Advanced search

Here are some suggested organisations that offer expert advice on SN.

Apparently I shouldnt call myself a carer.

(37 Posts)
thefirstMrsDeVere Thu 04-Aug-11 22:52:52

Because I am a parent. And you cant be both.

And you shouldnt call yourself a carer because you should see your child and not their disabilities.

And the stuff we do is covered by the normal parenting stuff.

so thats me told then hmm

EllenJaneisnotmyname Thu 04-Aug-11 22:55:37

Right. hmm So what idiot told you that, then? grin

thefirstMrsDeVere Thu 04-Aug-11 23:03:18

Ooops norty me. Started a thread about a thread.

A retired social worker. Questioned why on earth I would refer to myself as a carer.

I am less than amused.

EllenJaneisnotmyname Thu 04-Aug-11 23:06:29

Ooh, is it a juicy thread? Retired many years ago, (I hope,) and full of compassion and understanding, too?

I'm a carer, I used to get Carer's Allowance, so I must be. Oh yes, and I care for my disabled son.

DeWe Thu 04-Aug-11 23:12:18

Rubbish. If SS are willing to come and pay for a carer then maybe you could think about not calling yourself it, but you probably still would be.
It specifically mentions parents on the carers form doesn't it?

thefirstMrsDeVere Thu 04-Aug-11 23:15:26

I just hid it.

It had nothing to do with SN. It was about something else that I am involved in. The care of children by relatives who are not their birth parents. We were disagreeing about the appropriate use of another term. I used the title carer because DS is disabled (as well as being my son of course) to illustrate how parents can have many titles and I suspect it was an attempt to put me in my place.


EllenJaneisnotmyname Thu 04-Aug-11 23:18:20

Sorry, MrsDeV, I just went on it and stirred a bit. Won't go back.

thefirstMrsDeVere Thu 04-Aug-11 23:19:57

What did you say? <nosey>

EllenJaneisnotmyname Thu 04-Aug-11 23:28:31

NanaNina, strange nickname for someone with so little compassion. My DS2, my birth DS2, is disabled, and funnily enough I am both his loving mother and his carer. Yes, I get Carer's Allowance, just like anyone who cares for someone with at least MR care component. I am registered at my GP as a carer, I carry a Carer's Card with me in case of accident, I am a member of the local Carers Association. None of these people discriminate agaist my carer status because I happen to be related to my child. Only you seem to do that.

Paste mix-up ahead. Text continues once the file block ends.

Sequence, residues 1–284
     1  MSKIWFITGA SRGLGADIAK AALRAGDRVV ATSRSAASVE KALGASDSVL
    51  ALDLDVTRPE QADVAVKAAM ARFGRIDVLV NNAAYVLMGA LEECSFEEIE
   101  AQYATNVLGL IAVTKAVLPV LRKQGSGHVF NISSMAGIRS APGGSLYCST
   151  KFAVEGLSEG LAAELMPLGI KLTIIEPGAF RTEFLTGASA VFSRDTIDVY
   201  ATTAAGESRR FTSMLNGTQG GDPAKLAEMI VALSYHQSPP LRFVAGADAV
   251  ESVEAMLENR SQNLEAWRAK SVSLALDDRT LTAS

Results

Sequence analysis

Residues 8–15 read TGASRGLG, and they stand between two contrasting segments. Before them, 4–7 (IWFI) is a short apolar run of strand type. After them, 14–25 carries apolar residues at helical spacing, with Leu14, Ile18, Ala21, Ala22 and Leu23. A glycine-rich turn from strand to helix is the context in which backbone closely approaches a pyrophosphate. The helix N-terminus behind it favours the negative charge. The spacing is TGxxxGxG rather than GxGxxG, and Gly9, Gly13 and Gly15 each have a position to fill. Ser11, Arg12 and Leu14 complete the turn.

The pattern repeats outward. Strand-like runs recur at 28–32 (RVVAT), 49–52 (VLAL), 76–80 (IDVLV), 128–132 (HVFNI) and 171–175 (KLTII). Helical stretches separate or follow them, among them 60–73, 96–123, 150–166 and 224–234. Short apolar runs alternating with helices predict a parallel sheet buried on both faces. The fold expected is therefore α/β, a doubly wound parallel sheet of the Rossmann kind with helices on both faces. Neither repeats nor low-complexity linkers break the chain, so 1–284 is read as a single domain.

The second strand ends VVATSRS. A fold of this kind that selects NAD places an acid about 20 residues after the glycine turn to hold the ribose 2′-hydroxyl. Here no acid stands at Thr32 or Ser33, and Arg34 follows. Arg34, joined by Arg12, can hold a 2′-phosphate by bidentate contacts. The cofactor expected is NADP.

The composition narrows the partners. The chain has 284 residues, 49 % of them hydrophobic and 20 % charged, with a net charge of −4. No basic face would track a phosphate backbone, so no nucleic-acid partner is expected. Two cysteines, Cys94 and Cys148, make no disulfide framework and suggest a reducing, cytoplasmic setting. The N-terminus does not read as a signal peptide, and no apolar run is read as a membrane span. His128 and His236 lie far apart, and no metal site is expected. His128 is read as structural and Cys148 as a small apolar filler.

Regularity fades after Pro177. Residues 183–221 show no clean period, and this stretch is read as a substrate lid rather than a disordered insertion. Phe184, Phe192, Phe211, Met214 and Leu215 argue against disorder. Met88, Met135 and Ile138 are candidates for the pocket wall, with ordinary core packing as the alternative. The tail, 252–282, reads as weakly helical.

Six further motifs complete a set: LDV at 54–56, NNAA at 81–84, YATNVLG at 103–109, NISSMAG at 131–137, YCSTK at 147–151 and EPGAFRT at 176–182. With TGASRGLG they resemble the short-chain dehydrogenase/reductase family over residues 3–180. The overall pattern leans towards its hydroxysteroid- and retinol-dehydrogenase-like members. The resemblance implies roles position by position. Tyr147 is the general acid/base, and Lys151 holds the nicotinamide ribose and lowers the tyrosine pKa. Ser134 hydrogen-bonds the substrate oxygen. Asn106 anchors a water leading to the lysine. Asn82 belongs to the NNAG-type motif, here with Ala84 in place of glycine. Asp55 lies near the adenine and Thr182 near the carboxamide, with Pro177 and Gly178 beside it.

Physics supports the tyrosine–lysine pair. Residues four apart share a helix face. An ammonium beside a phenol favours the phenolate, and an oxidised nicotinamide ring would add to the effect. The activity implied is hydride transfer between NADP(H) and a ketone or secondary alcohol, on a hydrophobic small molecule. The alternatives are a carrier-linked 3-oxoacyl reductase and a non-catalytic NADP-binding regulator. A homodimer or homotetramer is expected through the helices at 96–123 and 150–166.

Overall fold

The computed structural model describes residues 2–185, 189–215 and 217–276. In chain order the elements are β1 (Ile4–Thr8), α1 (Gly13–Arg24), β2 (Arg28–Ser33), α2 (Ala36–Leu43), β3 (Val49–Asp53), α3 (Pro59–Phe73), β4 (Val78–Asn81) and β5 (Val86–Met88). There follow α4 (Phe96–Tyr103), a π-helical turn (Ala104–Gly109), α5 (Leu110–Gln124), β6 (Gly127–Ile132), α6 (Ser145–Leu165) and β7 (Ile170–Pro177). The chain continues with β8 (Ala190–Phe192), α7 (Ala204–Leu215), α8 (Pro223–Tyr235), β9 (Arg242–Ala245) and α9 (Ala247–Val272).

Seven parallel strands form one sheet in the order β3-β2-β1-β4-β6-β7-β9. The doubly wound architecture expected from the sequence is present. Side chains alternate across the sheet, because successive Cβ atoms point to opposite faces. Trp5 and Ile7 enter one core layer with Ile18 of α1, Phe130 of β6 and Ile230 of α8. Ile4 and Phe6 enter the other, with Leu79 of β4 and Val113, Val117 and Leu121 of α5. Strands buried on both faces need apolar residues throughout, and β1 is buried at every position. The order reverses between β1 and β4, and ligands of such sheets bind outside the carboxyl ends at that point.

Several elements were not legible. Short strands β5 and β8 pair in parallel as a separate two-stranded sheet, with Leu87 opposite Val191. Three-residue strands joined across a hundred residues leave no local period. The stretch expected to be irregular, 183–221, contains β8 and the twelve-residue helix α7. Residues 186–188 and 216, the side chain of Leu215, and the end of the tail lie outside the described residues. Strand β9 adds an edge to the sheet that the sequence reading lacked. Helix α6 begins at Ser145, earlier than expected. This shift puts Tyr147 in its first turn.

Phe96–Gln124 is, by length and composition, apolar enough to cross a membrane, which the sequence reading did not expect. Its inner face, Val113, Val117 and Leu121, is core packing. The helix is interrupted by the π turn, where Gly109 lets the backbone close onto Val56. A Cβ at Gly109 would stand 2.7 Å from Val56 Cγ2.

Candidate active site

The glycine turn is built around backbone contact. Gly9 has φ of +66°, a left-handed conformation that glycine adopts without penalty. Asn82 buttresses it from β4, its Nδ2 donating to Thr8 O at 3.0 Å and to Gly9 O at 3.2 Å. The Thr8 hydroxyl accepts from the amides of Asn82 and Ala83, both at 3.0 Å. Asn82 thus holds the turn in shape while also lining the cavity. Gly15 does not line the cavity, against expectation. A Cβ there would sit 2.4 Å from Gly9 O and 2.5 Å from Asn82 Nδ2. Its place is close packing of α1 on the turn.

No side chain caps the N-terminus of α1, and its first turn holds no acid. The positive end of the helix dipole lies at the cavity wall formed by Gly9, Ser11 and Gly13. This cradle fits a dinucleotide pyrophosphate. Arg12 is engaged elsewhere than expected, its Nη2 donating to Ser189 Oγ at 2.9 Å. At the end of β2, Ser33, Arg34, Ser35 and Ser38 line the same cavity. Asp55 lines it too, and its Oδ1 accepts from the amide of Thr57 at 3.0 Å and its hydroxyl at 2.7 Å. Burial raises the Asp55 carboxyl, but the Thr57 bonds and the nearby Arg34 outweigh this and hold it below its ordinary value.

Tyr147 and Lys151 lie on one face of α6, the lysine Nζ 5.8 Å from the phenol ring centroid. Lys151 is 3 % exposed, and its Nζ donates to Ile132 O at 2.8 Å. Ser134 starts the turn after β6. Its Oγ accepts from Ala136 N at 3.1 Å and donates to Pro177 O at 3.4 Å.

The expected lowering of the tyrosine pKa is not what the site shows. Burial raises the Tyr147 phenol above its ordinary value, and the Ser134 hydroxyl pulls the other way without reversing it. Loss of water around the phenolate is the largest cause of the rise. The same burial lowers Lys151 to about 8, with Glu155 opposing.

thefirstMrsDeVere Thu 04-Aug-11 23:37:34

Not stirring at all. Stating the truth.
Good for you.

EllenJaneisnotmyname Thu 04-Aug-11 23:39:09

Good, was a bit worried when you had hidden it. No-one's come back though.

insanityscatching Thu 04-Aug-11 23:40:12

Ooh Ellen I like that grin. I would give anything just to be a parent tbh rather than carer and warrior I seem to have become in fact I would gladly give up my carer status if the powers that be would provide enough care 24/7 to enable me to be just a parent. Somehow don't think they'll manage it on the fifty odd quid that they deem my care is worth.

thefirstMrsDeVere Thu 04-Aug-11 23:40:37

SHe will.

I only hid it because there is little point in carrying on the conversation. It will not go anywhere.

EllenJaneisnotmyname Thu 04-Aug-11 23:41:21

I prefer warrior status, that seems more accurate, somehow. grin

unpa1dcar3r Fri 05-Aug-11 07:07:46

Definition of a carer

A carer is someone of any age who provides unpaid support to family or friends who could not manage without this help. This could be caring for a relative, partner or friend who is ill, frail, disabled or has mental health or substance misuse problems.

Anyone can become a carer; carers come from all walks of life, all cultures and can be of any age. Many feel they are doing what anyone else would in the same situation; looking after their mother, son, or best friend and just getting on with it.

Carers don’t choose to become carers: it just happens and they have to get on with it; if they did not do it, who would and what would happen to the person they care for?

As defined by the PRTC, so Princess Anne, the patron must be wrong too then!!!!

My MIL has the same attitude towards me; I'm not a carer I'm just a parent.